The Mk. I version of the Mills 1.3 cc (0.079 cuin.) sideport diesel was manufactured by Mills Brothers (Model Engineers) Ltd. of London, England. The engine was designed by Arnold L. Hardinge, who had obtained his first patent with respect to model diesel engine design in May of 1946. There have been credible suggestions that the design of the Mills 1.3 was based in large part upon that of the very similar but earlier Allouchery 1.25 model from France.
The Mk. I Mills 1.3 was distinguished by its machined plain aluminium crankcase. It was first advertised in July 1946, making it among the first British model diesel engines to be offered commercially. Thanks to its excellent running characteristics, easy starting and durability, it proved to be an overwhelmingly popular model right from the outset.
Based upon reported serial numbers, between 13,000 and 15,000 examples of this model appear to have been produced between mid 1946 and June 1948, when the engine was replaced by a comprehensively revised Mk. II version featuring a chemically-blackened crankcase cast in magnesium alloy. This version was to remain in production with minor variations all the way up to 1964, when all Mills production ceased.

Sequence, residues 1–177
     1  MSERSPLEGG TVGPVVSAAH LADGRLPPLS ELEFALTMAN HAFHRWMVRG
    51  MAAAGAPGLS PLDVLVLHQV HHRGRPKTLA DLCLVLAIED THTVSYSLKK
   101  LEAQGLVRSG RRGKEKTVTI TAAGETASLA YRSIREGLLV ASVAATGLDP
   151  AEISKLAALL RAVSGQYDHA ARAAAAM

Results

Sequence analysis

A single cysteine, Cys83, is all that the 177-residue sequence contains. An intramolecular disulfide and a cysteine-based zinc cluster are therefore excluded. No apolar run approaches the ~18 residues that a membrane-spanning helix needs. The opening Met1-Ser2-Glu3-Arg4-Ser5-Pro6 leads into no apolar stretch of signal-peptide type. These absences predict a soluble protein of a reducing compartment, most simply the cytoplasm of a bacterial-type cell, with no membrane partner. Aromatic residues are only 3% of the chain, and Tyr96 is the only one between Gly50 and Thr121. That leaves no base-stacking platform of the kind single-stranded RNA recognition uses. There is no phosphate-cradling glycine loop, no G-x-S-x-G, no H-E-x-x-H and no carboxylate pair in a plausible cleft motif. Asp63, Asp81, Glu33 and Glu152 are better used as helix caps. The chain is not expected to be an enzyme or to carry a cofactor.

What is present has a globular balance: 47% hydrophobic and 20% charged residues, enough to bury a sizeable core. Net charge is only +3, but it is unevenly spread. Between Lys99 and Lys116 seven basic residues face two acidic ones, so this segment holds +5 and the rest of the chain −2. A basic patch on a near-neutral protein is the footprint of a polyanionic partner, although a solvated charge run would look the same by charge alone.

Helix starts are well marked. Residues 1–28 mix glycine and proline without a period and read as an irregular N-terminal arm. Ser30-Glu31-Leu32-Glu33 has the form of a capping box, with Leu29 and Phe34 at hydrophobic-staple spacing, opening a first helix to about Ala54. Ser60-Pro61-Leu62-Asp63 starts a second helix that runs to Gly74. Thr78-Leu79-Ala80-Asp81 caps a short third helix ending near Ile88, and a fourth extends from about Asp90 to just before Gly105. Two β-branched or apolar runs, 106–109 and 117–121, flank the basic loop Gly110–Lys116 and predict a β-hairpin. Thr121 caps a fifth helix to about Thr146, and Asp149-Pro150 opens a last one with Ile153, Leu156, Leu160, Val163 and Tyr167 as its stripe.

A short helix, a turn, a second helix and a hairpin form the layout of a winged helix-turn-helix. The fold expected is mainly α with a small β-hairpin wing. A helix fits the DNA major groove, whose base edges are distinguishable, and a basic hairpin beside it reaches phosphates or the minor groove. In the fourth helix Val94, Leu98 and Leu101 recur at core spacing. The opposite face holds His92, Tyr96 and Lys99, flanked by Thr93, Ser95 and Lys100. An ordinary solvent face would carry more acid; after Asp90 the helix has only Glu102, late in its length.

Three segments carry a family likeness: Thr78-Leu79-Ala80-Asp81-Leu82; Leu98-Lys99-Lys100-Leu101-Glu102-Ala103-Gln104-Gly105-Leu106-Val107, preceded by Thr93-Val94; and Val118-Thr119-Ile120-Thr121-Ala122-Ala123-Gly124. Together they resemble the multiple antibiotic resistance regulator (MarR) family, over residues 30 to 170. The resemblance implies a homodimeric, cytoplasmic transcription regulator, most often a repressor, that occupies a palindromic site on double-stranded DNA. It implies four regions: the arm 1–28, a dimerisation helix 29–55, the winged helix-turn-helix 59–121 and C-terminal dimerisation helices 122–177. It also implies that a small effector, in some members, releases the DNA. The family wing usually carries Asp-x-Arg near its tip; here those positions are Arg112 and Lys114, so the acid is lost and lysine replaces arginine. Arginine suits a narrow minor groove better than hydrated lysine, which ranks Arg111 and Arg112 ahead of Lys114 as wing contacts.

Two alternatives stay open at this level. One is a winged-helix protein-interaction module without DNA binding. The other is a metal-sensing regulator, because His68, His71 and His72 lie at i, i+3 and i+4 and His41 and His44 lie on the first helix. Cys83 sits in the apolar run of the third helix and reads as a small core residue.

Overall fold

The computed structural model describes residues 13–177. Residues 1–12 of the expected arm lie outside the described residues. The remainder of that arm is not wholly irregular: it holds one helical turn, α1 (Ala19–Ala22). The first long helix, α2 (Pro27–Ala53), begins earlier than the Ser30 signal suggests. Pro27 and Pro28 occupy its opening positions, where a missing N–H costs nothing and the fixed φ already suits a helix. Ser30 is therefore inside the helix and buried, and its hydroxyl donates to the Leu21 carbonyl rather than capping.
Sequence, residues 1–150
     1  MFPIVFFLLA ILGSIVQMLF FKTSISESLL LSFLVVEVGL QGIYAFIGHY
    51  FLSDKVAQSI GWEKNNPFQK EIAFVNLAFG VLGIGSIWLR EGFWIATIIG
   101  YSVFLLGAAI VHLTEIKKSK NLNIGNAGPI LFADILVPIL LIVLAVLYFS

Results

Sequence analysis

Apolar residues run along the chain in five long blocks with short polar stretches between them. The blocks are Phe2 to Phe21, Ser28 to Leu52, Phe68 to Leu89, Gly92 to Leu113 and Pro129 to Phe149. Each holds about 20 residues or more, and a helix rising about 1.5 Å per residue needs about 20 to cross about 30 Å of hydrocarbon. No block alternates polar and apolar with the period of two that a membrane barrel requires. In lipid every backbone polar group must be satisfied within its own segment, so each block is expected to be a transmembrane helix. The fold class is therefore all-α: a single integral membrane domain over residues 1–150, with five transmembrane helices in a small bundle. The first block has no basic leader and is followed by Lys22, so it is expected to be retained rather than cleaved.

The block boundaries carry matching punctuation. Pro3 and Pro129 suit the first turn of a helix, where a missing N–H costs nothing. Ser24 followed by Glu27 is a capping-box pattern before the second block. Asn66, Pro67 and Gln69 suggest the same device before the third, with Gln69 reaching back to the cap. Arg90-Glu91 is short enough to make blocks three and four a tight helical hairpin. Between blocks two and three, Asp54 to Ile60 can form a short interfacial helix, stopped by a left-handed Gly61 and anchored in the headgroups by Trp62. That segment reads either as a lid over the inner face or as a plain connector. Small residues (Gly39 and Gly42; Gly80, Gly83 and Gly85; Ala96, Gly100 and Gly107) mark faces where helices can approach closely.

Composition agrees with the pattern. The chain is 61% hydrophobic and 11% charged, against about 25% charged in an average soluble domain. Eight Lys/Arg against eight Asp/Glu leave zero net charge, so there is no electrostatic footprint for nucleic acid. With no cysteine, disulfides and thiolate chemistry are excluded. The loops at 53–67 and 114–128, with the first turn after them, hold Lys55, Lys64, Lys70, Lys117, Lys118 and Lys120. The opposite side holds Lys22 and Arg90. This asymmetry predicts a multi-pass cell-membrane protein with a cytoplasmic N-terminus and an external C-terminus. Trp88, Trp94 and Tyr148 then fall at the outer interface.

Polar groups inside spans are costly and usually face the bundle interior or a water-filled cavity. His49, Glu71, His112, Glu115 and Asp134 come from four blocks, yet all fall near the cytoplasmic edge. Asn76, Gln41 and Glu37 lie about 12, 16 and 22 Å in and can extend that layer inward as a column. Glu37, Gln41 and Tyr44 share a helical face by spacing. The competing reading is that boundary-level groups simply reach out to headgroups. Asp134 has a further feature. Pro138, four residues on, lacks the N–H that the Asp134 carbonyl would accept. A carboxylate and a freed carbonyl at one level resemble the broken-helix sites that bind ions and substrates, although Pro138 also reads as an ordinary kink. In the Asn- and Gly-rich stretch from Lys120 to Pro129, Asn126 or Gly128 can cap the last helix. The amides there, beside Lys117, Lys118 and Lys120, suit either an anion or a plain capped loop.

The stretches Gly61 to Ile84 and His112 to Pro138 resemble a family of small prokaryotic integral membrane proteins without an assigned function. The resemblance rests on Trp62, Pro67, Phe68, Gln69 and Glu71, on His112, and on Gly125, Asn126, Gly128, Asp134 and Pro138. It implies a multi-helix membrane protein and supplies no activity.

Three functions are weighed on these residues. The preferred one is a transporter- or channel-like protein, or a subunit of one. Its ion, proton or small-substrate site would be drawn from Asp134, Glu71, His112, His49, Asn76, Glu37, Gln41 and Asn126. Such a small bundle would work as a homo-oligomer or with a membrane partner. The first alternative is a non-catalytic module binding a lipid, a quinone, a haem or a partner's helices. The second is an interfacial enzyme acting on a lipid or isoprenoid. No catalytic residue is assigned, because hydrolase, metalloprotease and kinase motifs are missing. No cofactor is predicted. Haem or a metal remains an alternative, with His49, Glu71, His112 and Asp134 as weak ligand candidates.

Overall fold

Further information on the different versions of the Mills 1.3 may be found in a separate article on this website. In addition, a full production history of the entire Mills model engine range may also be found here.